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07/20/2024 10:14 PM
Pennsylvania State Senate
https://www.legis.state.pa.us/cfdocs/Legis/CSM/showMemoPublic.cfm?chamber=S&SPick=20230&cosponId=39285
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Senate of Pennsylvania
Session of 2023 - 2024 Regular Session

MEMORANDUM

Posted: January 12, 2023 10:17 AM
From: Senator Wayne Langerholc, Jr.
To: All Senate members
Subject: Reducing Project Delivery Costs at the Pennsylvania Turnpike Commission
 
In the near future, I intend to introduce legislation to reduce project delivery costs at the Pennsylvania Turnpike Commission (PTC) by reforming environmental regulations.
 
My legislation will place PTC under the same exemption from local municipal ordinances as the Pennsylvania Department of Transportation. 
 
My legislation will also review the stringent regulations forced upon PTC to construct costly stormwater reduction strategies. The Pennsylvania Department of Environmental enforces the National Pollutant Discharge Elimination System by each point of discharge in lieu of by watershed, which is practiced in our neighboring states. This onerous approach is exasperated on linear transportation projects with significantly more points of discharge than typical site development. The number of stormwater control measures dramatically increased from 96 measures in 2008 to 739 measures in 2018. An example of a stormwater reduction strategy occurred on a PTC project west of Carlisle where PTC invoked eminent domain to take 2.7 acres of farmland to construct a large stormwater pond that will never reach capacity. Spending money to take land to build disproportionate watersheds is a waste of tollpayer’s dollars.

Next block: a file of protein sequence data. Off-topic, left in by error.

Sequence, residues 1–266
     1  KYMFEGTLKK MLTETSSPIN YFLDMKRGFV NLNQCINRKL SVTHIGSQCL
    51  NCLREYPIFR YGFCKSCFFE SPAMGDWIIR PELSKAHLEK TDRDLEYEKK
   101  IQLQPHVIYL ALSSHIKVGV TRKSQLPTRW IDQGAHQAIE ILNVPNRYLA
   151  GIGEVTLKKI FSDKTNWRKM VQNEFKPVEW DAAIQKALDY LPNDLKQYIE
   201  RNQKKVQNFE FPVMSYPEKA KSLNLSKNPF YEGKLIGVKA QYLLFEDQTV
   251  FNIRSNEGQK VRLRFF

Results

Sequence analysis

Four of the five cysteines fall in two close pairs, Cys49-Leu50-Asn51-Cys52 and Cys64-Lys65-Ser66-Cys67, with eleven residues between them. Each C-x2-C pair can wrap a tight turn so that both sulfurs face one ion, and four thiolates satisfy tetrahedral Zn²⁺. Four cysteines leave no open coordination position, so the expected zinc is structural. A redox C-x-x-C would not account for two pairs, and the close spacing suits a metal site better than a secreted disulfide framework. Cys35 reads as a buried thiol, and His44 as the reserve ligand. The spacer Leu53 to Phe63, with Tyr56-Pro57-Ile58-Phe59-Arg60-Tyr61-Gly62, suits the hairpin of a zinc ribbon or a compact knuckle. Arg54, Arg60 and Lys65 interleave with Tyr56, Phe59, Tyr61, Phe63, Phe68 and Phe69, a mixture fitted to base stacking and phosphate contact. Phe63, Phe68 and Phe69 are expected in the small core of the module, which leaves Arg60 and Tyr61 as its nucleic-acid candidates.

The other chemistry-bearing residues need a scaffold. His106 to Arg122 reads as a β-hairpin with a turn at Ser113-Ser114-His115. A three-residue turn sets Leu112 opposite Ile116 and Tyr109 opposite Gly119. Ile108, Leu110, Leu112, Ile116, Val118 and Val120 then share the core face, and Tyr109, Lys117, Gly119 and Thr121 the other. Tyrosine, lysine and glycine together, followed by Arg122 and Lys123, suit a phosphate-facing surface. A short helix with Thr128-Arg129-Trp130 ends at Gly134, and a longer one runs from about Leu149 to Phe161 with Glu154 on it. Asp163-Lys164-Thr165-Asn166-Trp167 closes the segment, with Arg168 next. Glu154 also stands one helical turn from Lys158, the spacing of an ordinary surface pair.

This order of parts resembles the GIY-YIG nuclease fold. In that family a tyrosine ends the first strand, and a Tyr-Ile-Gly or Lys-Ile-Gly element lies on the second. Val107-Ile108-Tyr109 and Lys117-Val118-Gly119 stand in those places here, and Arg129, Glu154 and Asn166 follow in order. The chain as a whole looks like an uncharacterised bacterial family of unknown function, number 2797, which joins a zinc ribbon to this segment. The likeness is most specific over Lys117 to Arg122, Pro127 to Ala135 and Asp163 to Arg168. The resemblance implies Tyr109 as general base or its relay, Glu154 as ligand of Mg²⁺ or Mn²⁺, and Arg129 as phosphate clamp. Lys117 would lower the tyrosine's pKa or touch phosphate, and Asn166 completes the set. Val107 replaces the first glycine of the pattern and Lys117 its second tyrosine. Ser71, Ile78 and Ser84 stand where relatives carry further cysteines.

In the past 10 years, PTC had to invest approximately $135 million in stormwater management costs, which is expected to increase to approximately $170 million in the next 10 years. These costs do not even reflect long-term inspection and maintenance costs. 
 
Further, PTC has to follow another stringent sanction to remove “regulated” soil from a project site. The soils of the Commonwealth contain naturally occurring metals. If PTC excavates native soil and the tests conclude that the soil contains naturally occurring metals above the Clean Fill standards, then the soil is deemed regulated and needs to be disposed of properly. As a result, PTC evaluates whether to pay the costly testing and disposal fees, or to buy property and pay a contractor to build massive mounds of soil near the project site. Spending money to test and dispose of soil that was never touched, and contains naturally occurring metals, is another waste of tollpayer dollars.
 
PTC was mandated to provide $450 million annually to support public transportation across the Commonwealth, which ended on June 30, 2022. As a result, PTC has been increasing toll rates to pay off nearly $7 billion in borrowed money to support public transportation. Now is the time to start thinking of innovative ways to save PTC money. Eliminating stringent rules to pay for unnecessary environmental regulations will help PTC deliver more projects.
 
Previous co-sponsors were:  Yaw, Mensch, Costa, Pittman, and Stefano.
 
Revisions to Commonwealth law can provide more flexibility to address environmental issues. Please join me in co-sponsoring this legislation to reduce project delivery costs and help bolster the PTC’s capital program. With your support, we can also end the future takeover of farmland and other private property for disproportionate watersheds and costly environmental rules.
 



Introduced as SB934